Platform Seven

Louise Doughty

Faber & Faber, £14.99

Peterborough train station is, for travellers, a sort of limbo through which they must pass to reach London, East Anglia, the Midlands or the north. If you’ve ever been stranded there in driving winter rain, it is a byword for bleak. Which makes it the ideal setting for Louise Doughty’s dark novel.

The narrator is haunting the station at four o’clock on a cold November morning when she sees a man alone on Platform Seven, the one furthest from station staff, and knows he is waiting to throw himself in front of the next train. “If only I could speak, even in a whisper. Then I would hiss in this man’s ear, [italic]Trust me, this is a terrible thing to do – you will only appreciate just how terrible as you tip forward and reach the point of no return.”

The would-be whisperer’s name is Lisa Evans. She stands in front of the stranger to block his way, but he does not see her – not surprisingly, since she is a ghost. Despite the warning shout of Dalmar, the night security officer, the man pitches himself under a freight train. His is the second such death at Platform Seven in 18 months and, like Lisa’s, is considered a tragic suicide. Shortly afterwards, however, Lisa, who has only a sketchy memory of her past, realises that she was nothing like that man. She did not kill herself. “So what happened to me?”

At tedious length, Doughty tells us. Her research, shadowing the staff at Peterborough Station, pays off in authentic detail, such as how the clean-up team kicks into action after a fatality on the line, or the way in which the British Transport Police operates. The fieldwork is praiseworthy, the fiction less so. What follows is a cautionary tale, so repetitive and signposted it feels like a public health warning.

Contrary to first impressions, its subject is not suicidal depression, but domestic abuse. As Doughty gradually reveals, before she died Lisa was in a relationship with a controlling and deeply unpleasant man. He swiftly isolated her from her friends and family, and undermined her self-esteem, yet she remained heedless to the threat: “The water gets hot very gradually, and as far as the frog is concerned, there is no one point where it gets dramatically different or bad enough to jump out.”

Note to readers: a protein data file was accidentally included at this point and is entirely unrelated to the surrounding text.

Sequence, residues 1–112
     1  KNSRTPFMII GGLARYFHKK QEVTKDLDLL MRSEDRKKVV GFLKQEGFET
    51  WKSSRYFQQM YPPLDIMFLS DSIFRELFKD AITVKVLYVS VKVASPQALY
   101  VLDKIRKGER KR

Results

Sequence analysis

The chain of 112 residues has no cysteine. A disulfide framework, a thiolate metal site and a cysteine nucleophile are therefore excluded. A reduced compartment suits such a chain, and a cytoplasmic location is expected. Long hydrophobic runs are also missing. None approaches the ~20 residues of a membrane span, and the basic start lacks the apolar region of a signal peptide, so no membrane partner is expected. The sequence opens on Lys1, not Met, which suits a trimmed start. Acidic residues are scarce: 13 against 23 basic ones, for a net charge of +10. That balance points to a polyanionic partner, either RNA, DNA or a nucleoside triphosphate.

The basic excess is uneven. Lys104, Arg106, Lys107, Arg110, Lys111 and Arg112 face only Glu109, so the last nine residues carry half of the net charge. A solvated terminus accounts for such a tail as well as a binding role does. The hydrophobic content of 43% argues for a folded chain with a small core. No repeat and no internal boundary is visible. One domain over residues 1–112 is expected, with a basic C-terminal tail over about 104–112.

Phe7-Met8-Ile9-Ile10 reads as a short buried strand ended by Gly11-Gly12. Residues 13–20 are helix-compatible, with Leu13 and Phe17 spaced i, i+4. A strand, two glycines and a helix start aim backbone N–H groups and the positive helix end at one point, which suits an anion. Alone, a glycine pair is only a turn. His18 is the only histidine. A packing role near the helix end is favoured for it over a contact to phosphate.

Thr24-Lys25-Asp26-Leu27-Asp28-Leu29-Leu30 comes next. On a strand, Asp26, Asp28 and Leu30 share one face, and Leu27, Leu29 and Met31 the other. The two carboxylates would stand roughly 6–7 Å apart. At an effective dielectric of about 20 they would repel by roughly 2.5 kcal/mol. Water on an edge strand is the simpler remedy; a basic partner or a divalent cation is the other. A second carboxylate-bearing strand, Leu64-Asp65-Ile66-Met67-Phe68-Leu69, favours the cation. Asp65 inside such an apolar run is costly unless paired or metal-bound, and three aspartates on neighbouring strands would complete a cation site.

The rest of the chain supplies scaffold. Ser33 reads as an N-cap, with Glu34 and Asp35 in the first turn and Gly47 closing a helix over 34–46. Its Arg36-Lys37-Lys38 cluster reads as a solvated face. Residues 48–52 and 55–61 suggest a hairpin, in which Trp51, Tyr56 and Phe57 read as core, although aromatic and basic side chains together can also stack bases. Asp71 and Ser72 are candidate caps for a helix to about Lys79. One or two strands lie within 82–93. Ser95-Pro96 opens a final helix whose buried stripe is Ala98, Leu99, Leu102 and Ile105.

Most people think they are savvy enough to spot an abuser but, as with Lisa, desire and hope can render you wilfully blind. That her new lover is a doctor adds to his allure, and the prospect of no longer facing a lonely future helps paper over the cracks. And what cracks they are, as the doctor begins to make Lisa, a lively teacher in her mid thirties, think she is losing her mind and that she, not he, is the abuser.

It’s a page-turning storyline, despite the tricksiness of a dead narrator and the plot contortions this entails. And while the subject is painful, it is not morbid. Doughty has a feel-good instinct that may in part explain why she, like her regretful ghost, is keen to emphasise what a wonderful world this is.

As with her earlier novels, including Appletree Yard, Doughty is tuned into the zeitgeist, in this instance the rising awareness of middle-class domestic abuse. She loves nothing better than to introduce us to characters whose role is minor, yet whose backstories and aspirations she richly embellishes. One such is Dalmar, the security guard and traumatised refugee; another is dogged Sergeant Lockhart, who is suspicious about the carnage on Platform Seven: “Lockhart nibbles on the edge of a Hobnob and wonders whether he should move sideways after a few years, over to the Home Office force, do detective training and aim high, apply to join a murder squad. BTP is all very well; there’s a good sense of solidarity in Division C on account of there being only four thousand of them for the entire country – he’d like to see the Met do better on that ratio – and the promotion prospects are quite good. But he’s not sure where he sees himself in ten years’ time.” And then there is the sad young man on whom Lisa develops a crush, whose connection to the second suicide victim is dutifully unfurled. That he deals with his garden hedgehog’s dinner before his own is shorthand for how decent he is.

There’s no denying Doughty’s ability to propel a reader onwards, through the welter of superfluous information, the often repeated ideas and cloying sentimentality. It is not the writing that is propulsive, but the need to know what it all adds up to. Should readers reach that point, they will know that Doughty is no doom merchant, no peddler of grief. Her subject might be heart-breaking but, more like a therapist than a novelist, she wants happy endings for everyone.